I’ve previously complained that South Carolina’s handling of family court temporary hearings violate due process. This is because allowing such hearings to proceed on affidavits alone–and affidavits that do not have to be exchanged until the temporary hearing–do not allow parties to prepare to defend the allegations or confront the witnesses against them. The November […]
Posts Tagged ‘Motions for Temporary Relief’
My colleagues frequently recount war stories in which their attempts to obtain substantive relief on a temporary basis early in the case failed while subsequent discovery uncovered evidence that might have led to a different temporary result. By then it is typically difficult if not impossible to obtain the requested relief until trial (or to […]
Is South Carolina family court the only place where attorneys negotiate with the expectation that judges won’t follow the law?
I negotiated the resolution of a motion for temporary relief at the courthouse on Friday. On at least three different occasions during the hour and a half negotiation either I or the opposing attorney asked for language in the agreement based on nothing more than our clear expectation that the family court judges could not […]
In Aesop’s fable of “The Boy Who Cried Wolf” a shepherd boy entertains himself by repeatedly pretending a wolf is attacking his sheep. Each time the villagers come running to assist him only to discovery it’s a false alarm. Eventually the boy suffers consequences when a real wolf comes and the villagers, thinking it’s another […]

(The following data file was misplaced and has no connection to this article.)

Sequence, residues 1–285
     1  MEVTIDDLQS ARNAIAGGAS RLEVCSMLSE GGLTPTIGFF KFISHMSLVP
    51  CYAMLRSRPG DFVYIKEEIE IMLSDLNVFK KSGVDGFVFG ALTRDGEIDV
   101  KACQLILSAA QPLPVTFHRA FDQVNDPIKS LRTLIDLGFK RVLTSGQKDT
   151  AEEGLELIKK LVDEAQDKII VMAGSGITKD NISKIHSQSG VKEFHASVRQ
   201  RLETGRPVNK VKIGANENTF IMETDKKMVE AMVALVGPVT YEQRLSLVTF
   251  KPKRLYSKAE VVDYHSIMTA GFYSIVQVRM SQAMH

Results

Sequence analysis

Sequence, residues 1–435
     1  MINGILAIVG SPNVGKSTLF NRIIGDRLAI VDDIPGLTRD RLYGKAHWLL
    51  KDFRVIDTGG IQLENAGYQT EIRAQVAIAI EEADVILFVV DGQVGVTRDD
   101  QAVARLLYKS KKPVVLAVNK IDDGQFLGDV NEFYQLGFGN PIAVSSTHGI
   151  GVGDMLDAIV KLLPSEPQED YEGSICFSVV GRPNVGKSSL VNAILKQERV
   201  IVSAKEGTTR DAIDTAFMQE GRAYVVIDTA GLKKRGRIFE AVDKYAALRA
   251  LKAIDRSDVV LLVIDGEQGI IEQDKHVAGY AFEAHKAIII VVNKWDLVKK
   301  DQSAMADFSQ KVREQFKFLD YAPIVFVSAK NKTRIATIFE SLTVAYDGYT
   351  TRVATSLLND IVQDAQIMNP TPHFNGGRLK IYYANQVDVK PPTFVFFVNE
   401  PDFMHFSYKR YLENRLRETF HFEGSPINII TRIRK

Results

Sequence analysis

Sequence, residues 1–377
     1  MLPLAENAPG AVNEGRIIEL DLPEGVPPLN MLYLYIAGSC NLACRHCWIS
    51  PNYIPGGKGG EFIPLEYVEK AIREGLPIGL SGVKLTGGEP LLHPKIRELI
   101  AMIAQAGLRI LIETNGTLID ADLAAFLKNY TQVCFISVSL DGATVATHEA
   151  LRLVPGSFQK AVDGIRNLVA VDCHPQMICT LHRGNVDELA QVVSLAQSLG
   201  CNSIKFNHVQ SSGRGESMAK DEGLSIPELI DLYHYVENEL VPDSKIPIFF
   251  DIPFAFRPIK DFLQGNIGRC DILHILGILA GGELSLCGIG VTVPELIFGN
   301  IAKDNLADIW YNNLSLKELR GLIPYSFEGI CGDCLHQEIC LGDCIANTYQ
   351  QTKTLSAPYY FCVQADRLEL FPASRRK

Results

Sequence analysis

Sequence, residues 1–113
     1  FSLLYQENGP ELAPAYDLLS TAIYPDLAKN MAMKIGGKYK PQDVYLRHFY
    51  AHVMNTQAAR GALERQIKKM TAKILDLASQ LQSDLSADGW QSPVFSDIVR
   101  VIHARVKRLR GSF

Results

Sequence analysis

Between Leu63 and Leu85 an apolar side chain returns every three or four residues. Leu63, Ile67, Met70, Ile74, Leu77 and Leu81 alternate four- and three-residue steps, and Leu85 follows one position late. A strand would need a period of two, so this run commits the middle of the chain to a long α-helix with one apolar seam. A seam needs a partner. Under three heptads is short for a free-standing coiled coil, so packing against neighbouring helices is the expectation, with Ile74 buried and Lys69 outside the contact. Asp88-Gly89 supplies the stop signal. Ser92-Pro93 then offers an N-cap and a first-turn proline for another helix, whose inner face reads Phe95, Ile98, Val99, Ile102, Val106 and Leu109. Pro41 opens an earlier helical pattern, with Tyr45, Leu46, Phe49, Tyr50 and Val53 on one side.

The ability to easily add pages to my web site combined with the increasing understanding that many clients and potential clients ask me similar questions that cannot easily be explained orally and can best be convincingly explained in writing and with hypertext links has inspired a flurry of Frequently Asked Question drafting. Basically, when I […]
Realizing I have never adequately explained in writing what happens at a family court temporary hearing, and realizing that I shouldn’t expect my clients to understand without a thorough explanation either, I drafted the following frequently asked question for use of my clients and my colleagues’ clients: What Happens at Family Court Temporary Hearings?
A colleague of mine has asked me to blog on when a Rule 11 affirmation is required for a family court motion. The requirement for such affirmations is set forth in South Carolina Rule of Civil Procedure 11(a): All motions filed shall contain an affirmation that the movant’s counsel prior to filing the motion has […]